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Current time:0:00Total duration:6:17

The Renaissance Synagogues of Venice

Video transcript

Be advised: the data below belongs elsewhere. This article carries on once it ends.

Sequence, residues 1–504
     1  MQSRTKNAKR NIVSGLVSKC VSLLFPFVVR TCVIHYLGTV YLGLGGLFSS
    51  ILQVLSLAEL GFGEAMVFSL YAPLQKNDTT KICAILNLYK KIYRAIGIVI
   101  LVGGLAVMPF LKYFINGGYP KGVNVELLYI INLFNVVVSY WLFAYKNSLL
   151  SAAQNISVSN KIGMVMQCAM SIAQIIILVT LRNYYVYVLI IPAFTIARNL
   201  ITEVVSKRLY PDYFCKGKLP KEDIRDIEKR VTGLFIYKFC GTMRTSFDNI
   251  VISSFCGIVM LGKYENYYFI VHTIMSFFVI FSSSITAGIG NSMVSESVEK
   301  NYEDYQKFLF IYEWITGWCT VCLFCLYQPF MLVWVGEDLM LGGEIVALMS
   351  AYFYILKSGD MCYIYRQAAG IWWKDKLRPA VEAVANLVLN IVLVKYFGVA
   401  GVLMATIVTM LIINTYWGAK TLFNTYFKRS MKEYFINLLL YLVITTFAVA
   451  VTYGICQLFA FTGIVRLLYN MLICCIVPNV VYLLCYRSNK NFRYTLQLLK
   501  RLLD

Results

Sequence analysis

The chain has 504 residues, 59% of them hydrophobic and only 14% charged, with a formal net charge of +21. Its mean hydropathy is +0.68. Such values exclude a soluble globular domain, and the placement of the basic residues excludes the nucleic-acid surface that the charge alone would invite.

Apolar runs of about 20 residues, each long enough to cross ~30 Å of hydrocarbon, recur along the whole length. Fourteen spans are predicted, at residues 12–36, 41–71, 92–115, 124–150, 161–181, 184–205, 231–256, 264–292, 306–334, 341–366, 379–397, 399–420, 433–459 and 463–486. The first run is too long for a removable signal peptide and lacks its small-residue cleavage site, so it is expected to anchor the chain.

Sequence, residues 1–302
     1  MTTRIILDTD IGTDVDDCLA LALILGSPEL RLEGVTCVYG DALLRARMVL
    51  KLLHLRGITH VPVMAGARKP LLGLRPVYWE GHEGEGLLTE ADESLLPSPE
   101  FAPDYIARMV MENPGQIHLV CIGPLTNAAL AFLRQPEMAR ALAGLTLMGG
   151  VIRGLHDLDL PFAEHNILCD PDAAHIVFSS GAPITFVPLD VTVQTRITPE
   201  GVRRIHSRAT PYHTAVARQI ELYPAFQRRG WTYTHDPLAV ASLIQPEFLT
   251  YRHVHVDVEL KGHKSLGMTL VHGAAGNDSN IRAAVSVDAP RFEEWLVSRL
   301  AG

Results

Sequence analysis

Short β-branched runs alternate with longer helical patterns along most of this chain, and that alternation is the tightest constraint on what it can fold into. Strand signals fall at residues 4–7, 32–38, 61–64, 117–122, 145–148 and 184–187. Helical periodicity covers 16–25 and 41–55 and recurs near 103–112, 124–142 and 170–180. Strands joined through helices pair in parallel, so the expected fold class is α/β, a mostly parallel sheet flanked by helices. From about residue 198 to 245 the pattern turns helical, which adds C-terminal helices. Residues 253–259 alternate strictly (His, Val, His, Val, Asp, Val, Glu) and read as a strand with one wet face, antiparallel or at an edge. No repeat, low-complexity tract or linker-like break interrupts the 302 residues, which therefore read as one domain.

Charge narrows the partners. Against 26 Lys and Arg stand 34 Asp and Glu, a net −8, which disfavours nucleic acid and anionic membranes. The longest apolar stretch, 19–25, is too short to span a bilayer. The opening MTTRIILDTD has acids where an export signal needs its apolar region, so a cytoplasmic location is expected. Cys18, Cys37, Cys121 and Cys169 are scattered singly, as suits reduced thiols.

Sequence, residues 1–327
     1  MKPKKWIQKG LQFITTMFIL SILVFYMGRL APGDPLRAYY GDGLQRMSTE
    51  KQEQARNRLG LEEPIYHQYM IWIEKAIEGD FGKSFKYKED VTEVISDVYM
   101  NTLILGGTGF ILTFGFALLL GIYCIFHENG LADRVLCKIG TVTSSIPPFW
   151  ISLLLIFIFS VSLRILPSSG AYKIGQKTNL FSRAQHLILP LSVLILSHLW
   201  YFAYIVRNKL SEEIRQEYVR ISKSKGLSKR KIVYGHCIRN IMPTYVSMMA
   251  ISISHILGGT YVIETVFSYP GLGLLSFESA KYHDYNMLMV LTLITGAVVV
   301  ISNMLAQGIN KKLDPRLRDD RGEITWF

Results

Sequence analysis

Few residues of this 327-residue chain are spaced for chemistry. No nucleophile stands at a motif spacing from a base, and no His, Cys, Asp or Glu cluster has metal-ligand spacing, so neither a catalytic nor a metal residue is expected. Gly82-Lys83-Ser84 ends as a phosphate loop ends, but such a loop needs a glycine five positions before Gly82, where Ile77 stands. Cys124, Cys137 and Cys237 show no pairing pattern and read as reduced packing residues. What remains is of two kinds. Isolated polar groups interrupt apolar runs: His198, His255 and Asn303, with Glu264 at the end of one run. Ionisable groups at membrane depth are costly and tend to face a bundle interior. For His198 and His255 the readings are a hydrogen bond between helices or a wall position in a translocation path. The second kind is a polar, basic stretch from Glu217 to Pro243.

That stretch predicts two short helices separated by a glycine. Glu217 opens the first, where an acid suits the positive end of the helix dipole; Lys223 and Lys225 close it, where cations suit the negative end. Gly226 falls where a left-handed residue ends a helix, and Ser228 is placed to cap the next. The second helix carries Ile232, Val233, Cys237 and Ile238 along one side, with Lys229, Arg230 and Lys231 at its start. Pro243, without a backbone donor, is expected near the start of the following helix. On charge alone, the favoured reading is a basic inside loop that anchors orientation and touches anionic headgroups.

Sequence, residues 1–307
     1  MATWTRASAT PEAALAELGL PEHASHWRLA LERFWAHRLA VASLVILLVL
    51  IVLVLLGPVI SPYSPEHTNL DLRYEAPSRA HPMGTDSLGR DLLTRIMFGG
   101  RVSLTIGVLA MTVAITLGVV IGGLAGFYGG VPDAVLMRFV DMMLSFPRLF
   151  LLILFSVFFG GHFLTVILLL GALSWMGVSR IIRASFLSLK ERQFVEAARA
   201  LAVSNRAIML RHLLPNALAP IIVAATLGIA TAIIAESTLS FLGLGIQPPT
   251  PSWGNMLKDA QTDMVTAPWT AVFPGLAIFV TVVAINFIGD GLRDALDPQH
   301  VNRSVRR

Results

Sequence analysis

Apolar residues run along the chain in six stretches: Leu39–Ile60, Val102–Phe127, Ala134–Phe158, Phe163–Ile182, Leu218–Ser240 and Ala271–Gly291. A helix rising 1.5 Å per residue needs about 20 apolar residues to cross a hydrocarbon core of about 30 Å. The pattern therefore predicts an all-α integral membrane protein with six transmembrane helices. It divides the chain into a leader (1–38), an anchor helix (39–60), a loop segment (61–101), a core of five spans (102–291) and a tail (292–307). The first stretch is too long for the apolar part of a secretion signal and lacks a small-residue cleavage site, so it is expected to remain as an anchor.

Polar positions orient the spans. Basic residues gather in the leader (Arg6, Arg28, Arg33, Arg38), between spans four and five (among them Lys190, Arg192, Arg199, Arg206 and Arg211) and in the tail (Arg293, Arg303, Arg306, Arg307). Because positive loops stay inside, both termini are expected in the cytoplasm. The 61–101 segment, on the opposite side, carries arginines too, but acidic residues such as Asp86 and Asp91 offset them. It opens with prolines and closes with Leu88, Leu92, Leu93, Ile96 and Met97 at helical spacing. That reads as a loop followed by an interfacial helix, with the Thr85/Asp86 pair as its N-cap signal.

(jazz music) - [Interviewer] We're in Venice on the small island known as the Ghetto, speaking about three synagogues and the Jewish Museum of Venice. I think for people especially from the United States when they think about a Jewish Ghetto, they think about the 19th or perhaps the 20th century. But these are much older. - [Male Expert] The earliest building that you see here houses the German Synagogue. It was built in 1528 and it was built to house a group of German refugees coming from northern Germany. They were given a piece of land in the Ghetto and they built a tall building there. - [Interviewer] Now, Jews had been here since the 13th century, but they haven't been allowed to settle in Venice proper. - [Male Expert] They were allowed to come and trade in Venice under very tight conditions. They were allowed to be home brokers and bankers and traders in various fields, but they were not allowed to stay in Venice and when they were visiting Venice for business they had to wear yellow caps or yellow scarves or both, and so they were under very tight control from the authorities all the time. In 1516 the authorities in Venice realized that the Jews were so important for the city commerce that they decided to set up a safe place to keep the Jews. So they chose the abandoned island, only used to throw away bronze and metal that had been used for making cannons. And this only had two bridges, one to come in and one to go out. And they thought it was an ideal place for the Jews. Because the way they were containable there. The island was called Geto from the verb gettare, to throw away in Italian, and when the Germans arrived here in 1528, because they couldn't pronounce the soft G of Geto, they called it Ghetto, and this became the name of a place where people are contained. - [Interviewer] The exterior of these buildings is quite plain compared to so much of the sumptuous architecture that we associate with the 16th century Venice. - [Male Expert] Well, Jews were not allowed to build nice buildings. You had to promise many people in them as possible. The Jews had to live in very, very difficult conditions, with very low ceilings, no air, and then the only hope that had to have a normal life was to go up the stairs. And up the stairs as you can see, there are the arches that show where the German synagogue was. So they went up to get not only solace for their soul, but also solace for their body. - [Interviewer] We've walked into the museum, up three steep flights of stairs, and we opened a door and entered in to this large open space. - [Male Expert] You can see it's a place of richness and devotion, but at the same time you feel very uncertain because your floor is completely crooked. Remember that when the Jews arrived in Venice they didn't have a lot of money to spend on these buildings so they built them as cheaply as they could. And after 500 years, they're suffering. - [Interviewer] We've walked through a passageway from the German synagogue to a different building and we've entered into another exceptionally spacious room that is completely unexpected, considering how cramped the rest of the building is. - [Male Expert] We are now in the Italian synagogue. It is a large space because the Italian community who arrived here in the 1570s was much larger community than the ones that had arrived earlier in 1528 and 1532 and originated the other two synagogues in this area. The synagogue was restored in the 1970s, but restored cheaply because there wasn't enough money to do it properly. We haven't done a test yet, but we hope that when we remove the step that leads into the synagogue we will find underneath some traces of the original floor that we can restore. And much of it needs restoration. There are, for instance, the writings on the wall. They are made of plaster. The original ones, of which we have one that remains, are made in gilded leather and we'll try to do a better job when we restore the synagogue in this current project. - [Interviewer] And you can see areas on the wall where moisture has come through and there's clear deterioration. - [Male Expert] Problem with all Venetian buildings is that, as the water rises, and we know it is inexorably rising all over the world, it reaches a place where bricks are in touch with the water, rather than marble or stone. Marble or stone in Venice is not effected very deeply by seawater, but bricks are because they're porous and they suck up the salty water. Then the water evaporates and the salt remains in the bricks and breaks them down. You can see that that effect of salt is coming through to the wood and the wood has started suffering and we have to stop that because in the long-term it would destroy the building. - [Interviewer] We've walked into the third synagogue. This one is known as the Canton, as the corner synagogue, and like the others, it's magnificent, but here there's even more gilding. - [Female Expert] And you can see that it's a mix of Venetian style and Jewish tradition. - [Interviewer] And it's so unusual to see narrative images in a synagogue, and it really does remind us of how powerful images were in Venetian society that they would make their way into this sacred space. And they're modestly scaled, but they're still there. - [Female Expert] We are really proud of that. - [Interviewer] What we're seeing is a continuous Jewish community. - [Male Expert] This is a unique situation. I think in the world where several synagogues in a small space have been used by the community for hundreds of years uninterruptedly, except as we all know during the Holocaust years, there is a sense of pride in the Jewish community in Venice. It is small, but it's thriving and it's very attached to its traditions, and we need to give children, and the children of our children a place where they can be proud of being Jews and being proud of showing off how much the community over the centuries has taken care of its own buildings and its own place of prayer. - [Interviewer] And now we have a responsibility to safeguard that history. - [Male Expert] It is our duty to make sure that those who will follow us for another 600 years will be able to say we have been here for 1200 years and we've taken care of our history of our tradition. (jazz music)